FRANKFURT MAIN: Europe ramped up efforts to help its coronavirus-hit economies on Thursday as the UN chief called for a “people’s vaccine” to battle the pandemic.
With Brazil and Mexico seeing record deaths after Latin America became the new hotspot for the disease, UN Secretary-General Antonio Guterres said a new vaccine against the coronavirus had to be available to everyone across the world.
“A vaccine must be seen as a global public good — a people’s vaccine, which a growing number of world leaders are calling for,” he said in a message to a virtual summit hosted by Britain that aims to raise funds for Gavi, the global vaccine alliance.
The meeting aims to raise $7.4 billion for immunisation programmes stalled by the pandemic, and launch a new fundraising drive to support potential Covid-19 vaccines. There needed to be “global solidarity to ensure that every person, everywhere, has access”, the UN chief added. British Prime Minister Boris Johnson called for a “new era of global health cooperation” to “unite humanity in the fight against disease”, particularly in the poorest countries.
More than 50 countries are taking part in the meeting, as well as individuals such as billionaire philanthropist Bill Gates, to raise funds for Gavi. Over the next five years, it wants to reboot halted programmes and provide vaccines at a much-reduced cost to some 300 million children worldwide. Gavi and its partners will also launch a financing drive to purchase potential Covid-19 vaccines, scale-up their production and support delivery to developing nations.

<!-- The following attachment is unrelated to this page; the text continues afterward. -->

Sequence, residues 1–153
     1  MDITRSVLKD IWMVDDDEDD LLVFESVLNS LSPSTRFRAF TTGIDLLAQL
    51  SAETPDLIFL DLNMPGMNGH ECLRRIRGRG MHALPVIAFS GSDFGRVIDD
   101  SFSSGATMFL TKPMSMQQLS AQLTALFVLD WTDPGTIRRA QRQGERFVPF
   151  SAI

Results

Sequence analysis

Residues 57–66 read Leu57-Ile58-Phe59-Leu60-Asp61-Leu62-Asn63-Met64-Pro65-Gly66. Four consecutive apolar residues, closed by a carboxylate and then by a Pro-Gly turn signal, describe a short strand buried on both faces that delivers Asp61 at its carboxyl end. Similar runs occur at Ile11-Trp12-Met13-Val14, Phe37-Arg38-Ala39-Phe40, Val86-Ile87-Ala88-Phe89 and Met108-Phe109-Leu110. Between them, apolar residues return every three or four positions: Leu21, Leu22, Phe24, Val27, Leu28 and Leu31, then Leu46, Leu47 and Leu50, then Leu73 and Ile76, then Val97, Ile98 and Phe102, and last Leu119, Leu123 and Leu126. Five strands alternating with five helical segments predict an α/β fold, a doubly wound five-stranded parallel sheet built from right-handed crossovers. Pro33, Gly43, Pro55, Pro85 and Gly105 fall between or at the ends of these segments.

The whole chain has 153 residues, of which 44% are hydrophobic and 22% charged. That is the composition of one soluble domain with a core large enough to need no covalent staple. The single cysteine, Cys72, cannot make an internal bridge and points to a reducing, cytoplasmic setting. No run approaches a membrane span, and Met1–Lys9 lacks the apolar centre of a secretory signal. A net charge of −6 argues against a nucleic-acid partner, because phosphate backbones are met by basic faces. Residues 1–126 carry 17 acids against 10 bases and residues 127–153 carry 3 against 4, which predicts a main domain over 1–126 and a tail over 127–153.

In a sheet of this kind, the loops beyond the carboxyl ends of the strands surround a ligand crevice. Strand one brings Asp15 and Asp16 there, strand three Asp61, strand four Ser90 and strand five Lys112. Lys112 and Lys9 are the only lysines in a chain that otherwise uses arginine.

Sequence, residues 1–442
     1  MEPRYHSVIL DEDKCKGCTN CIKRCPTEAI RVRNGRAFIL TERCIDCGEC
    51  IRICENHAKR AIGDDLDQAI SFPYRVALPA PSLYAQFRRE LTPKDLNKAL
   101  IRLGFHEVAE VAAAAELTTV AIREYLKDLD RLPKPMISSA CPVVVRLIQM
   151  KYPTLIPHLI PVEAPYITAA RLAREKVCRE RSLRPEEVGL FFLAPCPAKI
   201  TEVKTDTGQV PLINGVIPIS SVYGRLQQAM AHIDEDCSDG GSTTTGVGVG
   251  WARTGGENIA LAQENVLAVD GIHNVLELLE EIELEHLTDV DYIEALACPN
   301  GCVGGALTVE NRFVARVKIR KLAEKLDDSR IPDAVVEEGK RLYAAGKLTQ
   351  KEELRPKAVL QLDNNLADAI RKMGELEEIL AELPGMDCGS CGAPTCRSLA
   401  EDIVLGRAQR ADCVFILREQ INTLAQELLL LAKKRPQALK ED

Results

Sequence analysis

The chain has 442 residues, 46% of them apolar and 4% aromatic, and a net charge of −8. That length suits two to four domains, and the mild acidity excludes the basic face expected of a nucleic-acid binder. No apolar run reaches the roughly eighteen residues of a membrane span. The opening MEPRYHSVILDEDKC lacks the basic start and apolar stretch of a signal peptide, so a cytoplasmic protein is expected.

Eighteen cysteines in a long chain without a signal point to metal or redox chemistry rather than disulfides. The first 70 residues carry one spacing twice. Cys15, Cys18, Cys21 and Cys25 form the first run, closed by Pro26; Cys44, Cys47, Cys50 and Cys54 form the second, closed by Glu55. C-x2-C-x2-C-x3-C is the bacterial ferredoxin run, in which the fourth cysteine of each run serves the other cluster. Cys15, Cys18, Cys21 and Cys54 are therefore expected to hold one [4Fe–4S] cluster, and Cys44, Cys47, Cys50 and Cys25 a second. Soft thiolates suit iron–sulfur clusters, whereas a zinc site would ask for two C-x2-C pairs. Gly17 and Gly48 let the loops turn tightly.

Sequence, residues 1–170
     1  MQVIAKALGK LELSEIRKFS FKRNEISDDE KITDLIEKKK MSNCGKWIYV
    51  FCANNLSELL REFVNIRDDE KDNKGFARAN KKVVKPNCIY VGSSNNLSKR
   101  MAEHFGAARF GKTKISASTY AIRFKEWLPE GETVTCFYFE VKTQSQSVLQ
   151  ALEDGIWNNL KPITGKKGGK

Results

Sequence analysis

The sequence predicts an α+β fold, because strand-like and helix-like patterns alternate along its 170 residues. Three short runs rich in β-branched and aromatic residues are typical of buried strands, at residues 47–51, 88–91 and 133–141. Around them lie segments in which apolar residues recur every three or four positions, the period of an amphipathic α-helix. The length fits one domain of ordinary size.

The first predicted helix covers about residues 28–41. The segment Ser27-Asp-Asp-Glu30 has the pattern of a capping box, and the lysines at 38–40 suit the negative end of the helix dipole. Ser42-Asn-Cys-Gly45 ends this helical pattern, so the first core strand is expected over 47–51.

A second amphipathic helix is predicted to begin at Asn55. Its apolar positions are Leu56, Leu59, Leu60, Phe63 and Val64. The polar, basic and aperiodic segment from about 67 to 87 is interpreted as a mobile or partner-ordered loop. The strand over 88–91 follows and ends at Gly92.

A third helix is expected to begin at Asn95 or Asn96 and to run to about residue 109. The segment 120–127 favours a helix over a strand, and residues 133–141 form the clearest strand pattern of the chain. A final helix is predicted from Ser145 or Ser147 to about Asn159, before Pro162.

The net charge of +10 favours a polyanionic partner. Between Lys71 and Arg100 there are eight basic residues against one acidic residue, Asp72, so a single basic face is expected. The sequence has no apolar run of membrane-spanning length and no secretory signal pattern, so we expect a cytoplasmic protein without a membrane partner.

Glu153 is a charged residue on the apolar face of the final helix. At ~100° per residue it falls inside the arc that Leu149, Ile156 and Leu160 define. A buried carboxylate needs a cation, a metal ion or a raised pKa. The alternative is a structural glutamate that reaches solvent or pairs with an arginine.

Since emerging in China late last year, the new coronavirus has infected at least 6.5 million people, killed more than 385,000 and wreaked havoc on the global economy by forcing millions to stay inside their homes.
In Europe where countries have been emerging from lockdowns, the European Central Bank on Thursday dramatically boosted aid for eurozone economies, adding 600 billion euros ($674bn) to its emergency bond-buying scheme.
The Pandemic Emergency Purchase Programme (PEPP), which will keep up access to much-needed credit for companies, households and governments, now totals some 1.35 trillion euros.
ECB chief Christine Lagarde said the eurozone economy would see a sharp contraction of 8.7 per cent this year, but she predicted a rebound in 2021 and 2022.
Hoping the worst of the health crisis has passed, Europe is struggling to restart its stalled economies without sparking a second wave of infections.
Governments are especially keen to save what they can of the summer tourism season and, after easing national lockdowns, were reopening borders this week.
But as Europeans enjoyed reopened cafes and dreamt of Mediterranean holidays, the virus was hitting South and Central America with its full force.
Mexico on Wednesday announced more than 1,000 coronavirus deaths in a day for the first time, while Brazil, the region’s worst-hit country, reported a record 1,349 daily deaths.
In Chile, the government said it was extending a three-week shutdown of the capital Santiago after a new record for daily deaths.
Published in Dawn, June 5th, 2020